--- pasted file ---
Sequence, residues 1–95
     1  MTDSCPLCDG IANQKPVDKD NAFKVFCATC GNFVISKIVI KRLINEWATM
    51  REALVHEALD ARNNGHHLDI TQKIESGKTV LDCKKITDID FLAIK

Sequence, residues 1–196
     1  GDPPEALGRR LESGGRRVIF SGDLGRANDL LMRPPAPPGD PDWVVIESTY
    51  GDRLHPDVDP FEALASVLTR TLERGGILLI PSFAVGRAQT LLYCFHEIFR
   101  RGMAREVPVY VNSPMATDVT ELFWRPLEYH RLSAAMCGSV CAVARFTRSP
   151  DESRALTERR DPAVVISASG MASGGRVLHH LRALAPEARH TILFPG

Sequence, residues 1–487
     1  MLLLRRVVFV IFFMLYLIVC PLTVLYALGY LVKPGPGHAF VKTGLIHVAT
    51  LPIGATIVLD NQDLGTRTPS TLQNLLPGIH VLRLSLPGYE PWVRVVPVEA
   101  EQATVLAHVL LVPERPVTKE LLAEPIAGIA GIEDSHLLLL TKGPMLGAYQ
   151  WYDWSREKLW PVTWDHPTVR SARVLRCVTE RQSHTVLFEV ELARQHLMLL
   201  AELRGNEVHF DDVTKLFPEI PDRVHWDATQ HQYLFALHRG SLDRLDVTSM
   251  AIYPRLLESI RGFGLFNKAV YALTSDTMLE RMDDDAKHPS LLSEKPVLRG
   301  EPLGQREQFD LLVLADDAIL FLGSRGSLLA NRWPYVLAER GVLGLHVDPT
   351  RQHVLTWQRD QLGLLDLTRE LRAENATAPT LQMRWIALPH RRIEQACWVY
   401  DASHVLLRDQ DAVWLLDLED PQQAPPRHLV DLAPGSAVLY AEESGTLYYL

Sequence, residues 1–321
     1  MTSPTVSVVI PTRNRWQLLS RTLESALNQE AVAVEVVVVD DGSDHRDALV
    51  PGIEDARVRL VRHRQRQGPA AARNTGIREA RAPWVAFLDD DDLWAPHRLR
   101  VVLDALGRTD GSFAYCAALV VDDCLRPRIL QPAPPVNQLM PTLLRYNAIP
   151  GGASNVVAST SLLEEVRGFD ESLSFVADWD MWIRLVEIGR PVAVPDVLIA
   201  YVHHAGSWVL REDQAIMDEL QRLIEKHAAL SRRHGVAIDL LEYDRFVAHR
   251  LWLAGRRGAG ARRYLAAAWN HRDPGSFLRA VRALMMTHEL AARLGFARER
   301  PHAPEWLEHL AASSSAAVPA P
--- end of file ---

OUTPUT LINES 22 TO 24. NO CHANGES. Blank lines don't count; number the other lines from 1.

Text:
   101  VVLDALGRTD GSFAYCAALV VDDCLRPRIL QPAPPVNQLM PTLLRYNAIP
   151  GGASNVVAST SLLEEVRGFD ESLSFVADWD MWIRLVEIGR PVAVPDVLIA
   201  YVHHAGSWVL REDQAIMDEL QRLIEKHAAL SRRHGVAIDL LEYDRFVAHR